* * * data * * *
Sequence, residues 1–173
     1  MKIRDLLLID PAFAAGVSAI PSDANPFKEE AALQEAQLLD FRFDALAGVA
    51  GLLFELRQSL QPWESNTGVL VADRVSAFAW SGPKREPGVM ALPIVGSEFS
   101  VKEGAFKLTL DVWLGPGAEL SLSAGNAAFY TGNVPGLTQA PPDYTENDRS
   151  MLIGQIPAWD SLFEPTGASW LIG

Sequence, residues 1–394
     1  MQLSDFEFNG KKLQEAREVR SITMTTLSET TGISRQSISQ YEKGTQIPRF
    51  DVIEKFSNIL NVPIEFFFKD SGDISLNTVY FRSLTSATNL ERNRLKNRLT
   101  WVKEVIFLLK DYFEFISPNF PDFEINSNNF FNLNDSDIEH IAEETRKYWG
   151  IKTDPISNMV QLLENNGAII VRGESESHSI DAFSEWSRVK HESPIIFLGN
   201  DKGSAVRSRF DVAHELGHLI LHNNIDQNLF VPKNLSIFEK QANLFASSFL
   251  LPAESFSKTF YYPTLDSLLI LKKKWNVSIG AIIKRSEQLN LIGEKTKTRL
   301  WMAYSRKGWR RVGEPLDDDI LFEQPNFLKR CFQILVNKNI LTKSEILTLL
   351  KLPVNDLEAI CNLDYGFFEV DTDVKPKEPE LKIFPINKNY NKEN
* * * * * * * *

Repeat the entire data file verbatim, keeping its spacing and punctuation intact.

Sequence, residues 1–173
     1  MKIRDLLLID PAFAAGVSAI PSDANPFKEE AALQEAQLLD FRFDALAGVA
    51  GLLFELRQSL QPWESNTGVL VADRVSAFAW SGPKREPGVM ALPIVGSEFS
   101  VKEGAFKLTL DVWLGPGAEL SLSAGNAAFY TGNVPGLTQA PPDYTENDRS
   151  MLIGQIPAWD SLFEPTGASW LIG

Sequence, residues 1–394
     1  MQLSDFEFNG KKLQEAREVR SITMTTLSET TGISRQSISQ YEKGTQIPRF
    51  DVIEKFSNIL NVPIEFFFKD SGDISLNTVY FRSLTSATNL ERNRLKNRLT
   101  WVKEVIFLLK DYFEFISPNF PDFEINSNNF FNLNDSDIEH IAEETRKYWG
   151  IKTDPISNMV QLLENNGAII VRGESESHSI DAFSEWSRVK HESPIIFLGN
   201  DKGSAVRSRF DVAHELGHLI LHNNIDQNLF VPKNLSIFEK QANLFASSFL
   251  LPAESFSKTF YYPTLDSLLI LKKKWNVSIG AIIKRSEQLN LIGEKTKTRL
   301  WMAYSRKGWR RVGEPLDDDI LFEQPNFLKR CFQILVNKNI LTKSEILTLL
   351  KLPVNDLEAI CNLDYGFFEV DTDVKPKEPE LKIFPINKNY NKEN